Book Review: The Forgotten Dead: The True Story of Operation Tiger, and the Disastrous Rehearsal for D-Day


by Ken Small

Oxford: Osprey Publishing, 2018. Pp. vi, 250. Illus., appends., index. $16.00 paper. ISBN: 9781472834492

Recovering and Remembering Slapton Sands

Originally published in 1988, British amateur historian Small’s book on the disastrous landing rehearsal of the 4th Infantry Division was one of the first serious treatments of the exercise, during which German S-boats got in among the landing vessels, sinking several and killing perhaps a thousand men.

Unlike many writers, television producers, and conspiracy theorists, Small rejects claims of a postwar “cover up” about the incident. He notes that it naturally had to be kept highly secret at the time, lest the Germans realize the site in England greatly resembled certain beaches on the Cotentin Peninsula, but then goes on to point out that documents relating to the disaster were later declassified, and even notes that several have long included mention of it.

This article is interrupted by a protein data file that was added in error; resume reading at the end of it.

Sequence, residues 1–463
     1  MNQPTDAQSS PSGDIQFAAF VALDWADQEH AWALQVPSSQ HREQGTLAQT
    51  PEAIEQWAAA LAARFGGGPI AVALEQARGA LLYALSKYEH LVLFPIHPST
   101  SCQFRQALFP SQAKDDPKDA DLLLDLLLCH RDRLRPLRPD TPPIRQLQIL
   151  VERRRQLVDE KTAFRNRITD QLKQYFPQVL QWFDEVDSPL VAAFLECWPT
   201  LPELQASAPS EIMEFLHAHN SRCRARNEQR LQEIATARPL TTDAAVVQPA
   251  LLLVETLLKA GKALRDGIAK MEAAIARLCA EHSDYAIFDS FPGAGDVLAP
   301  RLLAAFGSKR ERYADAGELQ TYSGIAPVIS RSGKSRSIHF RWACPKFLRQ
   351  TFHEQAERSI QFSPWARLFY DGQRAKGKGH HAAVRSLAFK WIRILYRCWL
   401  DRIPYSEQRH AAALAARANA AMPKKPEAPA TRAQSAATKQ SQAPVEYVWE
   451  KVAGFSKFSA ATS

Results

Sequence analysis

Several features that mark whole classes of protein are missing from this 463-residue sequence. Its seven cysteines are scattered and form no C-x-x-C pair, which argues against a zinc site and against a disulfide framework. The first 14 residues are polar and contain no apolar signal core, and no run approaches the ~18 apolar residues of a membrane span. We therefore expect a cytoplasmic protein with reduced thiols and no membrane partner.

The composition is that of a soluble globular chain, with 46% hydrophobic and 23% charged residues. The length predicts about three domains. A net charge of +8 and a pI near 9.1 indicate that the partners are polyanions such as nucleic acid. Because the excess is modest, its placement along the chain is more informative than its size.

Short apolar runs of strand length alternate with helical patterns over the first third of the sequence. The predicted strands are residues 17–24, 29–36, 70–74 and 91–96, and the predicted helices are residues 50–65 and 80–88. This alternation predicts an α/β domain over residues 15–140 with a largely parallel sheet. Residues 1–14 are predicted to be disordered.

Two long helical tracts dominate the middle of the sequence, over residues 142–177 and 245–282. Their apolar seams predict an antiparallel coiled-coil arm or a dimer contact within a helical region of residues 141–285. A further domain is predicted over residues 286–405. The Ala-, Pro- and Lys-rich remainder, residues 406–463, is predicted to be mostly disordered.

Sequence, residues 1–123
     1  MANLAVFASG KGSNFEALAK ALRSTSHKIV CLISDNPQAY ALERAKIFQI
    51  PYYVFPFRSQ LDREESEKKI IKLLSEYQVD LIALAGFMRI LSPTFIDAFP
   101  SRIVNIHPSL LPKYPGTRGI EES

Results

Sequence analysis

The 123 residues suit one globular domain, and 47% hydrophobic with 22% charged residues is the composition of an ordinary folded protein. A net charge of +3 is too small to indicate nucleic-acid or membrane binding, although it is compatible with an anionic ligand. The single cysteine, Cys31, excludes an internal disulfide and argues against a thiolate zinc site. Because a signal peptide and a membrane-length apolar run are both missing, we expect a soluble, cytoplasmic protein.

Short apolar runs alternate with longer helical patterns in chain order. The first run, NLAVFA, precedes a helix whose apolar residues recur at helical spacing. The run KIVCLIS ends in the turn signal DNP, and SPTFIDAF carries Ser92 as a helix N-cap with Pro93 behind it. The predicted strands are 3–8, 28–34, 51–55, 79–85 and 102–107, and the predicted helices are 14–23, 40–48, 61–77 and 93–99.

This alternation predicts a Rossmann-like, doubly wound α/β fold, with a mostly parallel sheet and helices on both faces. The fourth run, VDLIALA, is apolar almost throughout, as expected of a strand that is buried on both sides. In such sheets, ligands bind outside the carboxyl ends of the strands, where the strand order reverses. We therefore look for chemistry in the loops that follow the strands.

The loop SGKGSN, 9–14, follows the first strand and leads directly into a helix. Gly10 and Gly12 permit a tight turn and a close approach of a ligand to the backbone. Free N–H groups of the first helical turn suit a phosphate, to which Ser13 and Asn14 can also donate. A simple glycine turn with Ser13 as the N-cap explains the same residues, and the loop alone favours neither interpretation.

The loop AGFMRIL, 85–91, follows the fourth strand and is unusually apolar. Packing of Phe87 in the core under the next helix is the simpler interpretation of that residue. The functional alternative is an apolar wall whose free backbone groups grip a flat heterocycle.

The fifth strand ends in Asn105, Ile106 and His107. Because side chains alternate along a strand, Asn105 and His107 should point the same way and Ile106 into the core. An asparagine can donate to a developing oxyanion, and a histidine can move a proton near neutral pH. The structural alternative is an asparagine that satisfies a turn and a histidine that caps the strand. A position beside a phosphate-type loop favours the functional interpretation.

Although much recent work has been done on the disaster, Small’s account sets it within the framework of the overall preparations for the invasion, and thus will be of value to those wishing to learn more about the overall planning and training for the D-Day operations.

Small also covers efforts to commemorate the event and those who died, and so The Forgotten Dead is also likely to be of use for anyone interested in how we remember and memorialize historical events.


Note: The Forgotten Dead is also available in several e-editions.


Reviewer: A. A. Nofi, Review Editor   

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